Earth & Environment

The "third rock from the Sun"—Earth. With an orbit neither too close nor too far from the Sun, it occupies a unique position in the Solar System. It's the only planet known to man with the right conditions for the origin and evolution of life. During Earth's 4.5 billion-year history, a combination of processes has transformed it into a watery blue, living planet. The Earth's ecosystems involve complex interactions between the biological (living) and physical (non-living) worlds. Scientific research helps us comprehend our effects on the environment and how the environment in turn responds to impacts of our activities.

NSF Science Now: Episode 35

Hosted by NSF's Dena Headlee, Science Now is a weekly newscast covering some of the latest in NSF-funded innovation and advances across all areas and disciplines, from astronomy to zoology. This fast paced, news round-up reports many of the week's top stories.

Wiring an underwater volcano

How a continuous stream of data from underwater volcanoes can help create a shared consciousness about the oceans.

A scientist's life

A profile of Ryan Hechinger, a marine biologist at Scripps Oceanography who uses studies of parasites to understand ecosystem dynamics.

Episode 14: Assembling water-free DNA

In this week's episode, Charlie and Jordan search underground caves for clues to prehistoric climate changes, explore the difference between mental maps and compasses, and look at water-free DNA assembly.

Mahi mahi migration

In the ocean there lives a fish known as the Mahi Mahi. Very little is known to science about how they migrate. Fishermen are helping scientists study their migration by catching Mahi Mahi with fishing rods, placing fish tags in them, and releasing them back to the wild with hope that their fish will be re-caught with the tag still in them.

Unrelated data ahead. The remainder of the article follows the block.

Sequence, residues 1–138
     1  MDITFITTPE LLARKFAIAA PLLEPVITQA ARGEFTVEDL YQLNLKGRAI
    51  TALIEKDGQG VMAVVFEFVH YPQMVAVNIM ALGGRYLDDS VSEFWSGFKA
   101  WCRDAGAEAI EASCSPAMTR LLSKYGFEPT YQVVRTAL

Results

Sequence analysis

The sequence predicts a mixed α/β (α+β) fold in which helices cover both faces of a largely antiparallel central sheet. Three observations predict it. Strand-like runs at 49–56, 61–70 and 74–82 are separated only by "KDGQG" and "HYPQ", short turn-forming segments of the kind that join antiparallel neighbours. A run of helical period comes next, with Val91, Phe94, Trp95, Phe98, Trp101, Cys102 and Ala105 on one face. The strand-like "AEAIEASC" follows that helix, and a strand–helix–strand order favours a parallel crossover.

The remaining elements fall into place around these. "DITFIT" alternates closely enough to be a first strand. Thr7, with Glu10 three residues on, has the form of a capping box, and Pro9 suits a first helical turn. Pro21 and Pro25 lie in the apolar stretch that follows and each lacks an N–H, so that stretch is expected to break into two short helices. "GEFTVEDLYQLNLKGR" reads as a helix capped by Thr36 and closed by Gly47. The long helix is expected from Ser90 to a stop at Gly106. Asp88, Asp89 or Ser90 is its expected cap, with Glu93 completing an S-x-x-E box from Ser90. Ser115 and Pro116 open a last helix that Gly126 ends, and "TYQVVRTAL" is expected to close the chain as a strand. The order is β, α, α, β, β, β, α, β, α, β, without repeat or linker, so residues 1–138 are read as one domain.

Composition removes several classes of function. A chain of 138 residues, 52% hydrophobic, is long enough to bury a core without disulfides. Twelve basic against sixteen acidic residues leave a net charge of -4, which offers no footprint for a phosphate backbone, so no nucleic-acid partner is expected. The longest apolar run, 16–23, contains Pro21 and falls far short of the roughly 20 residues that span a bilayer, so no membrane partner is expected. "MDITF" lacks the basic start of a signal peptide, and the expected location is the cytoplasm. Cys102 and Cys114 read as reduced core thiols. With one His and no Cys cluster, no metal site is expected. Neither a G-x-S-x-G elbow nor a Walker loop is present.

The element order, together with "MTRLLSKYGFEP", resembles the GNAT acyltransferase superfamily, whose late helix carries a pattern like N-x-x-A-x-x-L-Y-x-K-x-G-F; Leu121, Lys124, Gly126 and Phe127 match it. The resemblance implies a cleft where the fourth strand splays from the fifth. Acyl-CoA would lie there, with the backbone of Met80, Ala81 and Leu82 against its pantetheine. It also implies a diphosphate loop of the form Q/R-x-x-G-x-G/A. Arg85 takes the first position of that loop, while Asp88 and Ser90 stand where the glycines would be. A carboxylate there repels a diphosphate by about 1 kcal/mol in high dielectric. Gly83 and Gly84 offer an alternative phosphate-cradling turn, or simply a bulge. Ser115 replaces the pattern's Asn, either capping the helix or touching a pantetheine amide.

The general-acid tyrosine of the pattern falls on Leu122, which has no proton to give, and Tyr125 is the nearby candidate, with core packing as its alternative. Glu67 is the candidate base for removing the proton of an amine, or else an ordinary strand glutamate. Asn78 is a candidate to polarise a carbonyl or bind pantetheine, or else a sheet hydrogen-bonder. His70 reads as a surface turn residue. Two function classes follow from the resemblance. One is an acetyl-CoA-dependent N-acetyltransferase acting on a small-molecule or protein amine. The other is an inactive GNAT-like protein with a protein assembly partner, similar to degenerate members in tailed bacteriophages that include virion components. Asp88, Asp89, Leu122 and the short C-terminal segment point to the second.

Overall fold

Episode 13: Part of the pack

In this week's episode, Jordan and Charlie chat about the importance of a pack, discover a new antibody that may combat urinary tract infections and chase down storms with Doppler on Wheels.

A human climate

This video looks at the Hominin Sites and Paleolakes Drilling Project (HSPDP), a project aiming to provide a detailed, continuous and high resolution environmental context for human evolution in the areas where our early ancestors are known to have lived.

Fire and flood prediction

After working for more than a decade to tackle the challenges, NCAR and its research partners have developed the capability to build two new prediction systems--one for wildfires and one for floods.

A new frontier: Mars

After spending years searching for ancient, buried ice elsewhere on planet earth, geologists turn their eyes to Mars, applying their Antarctic field techniques to search for ice buried beneath the Martian surface.

Back at the lab

After a successful field season in Antarctica, the real work begins back at the lab, where geologists pore over reams of data, trying to piece together the history of the ancient buried glaciers of the Transantarctic Mountains. The ice cores they bring back might hold clues to the Earth's past climate, and help scientists predict the future of the polar ice caps and sea-level rise.

Rescuing the gentle giants

Giant clams are ecologically important because they clean seawater, and their huge shells are home to other marine creatures.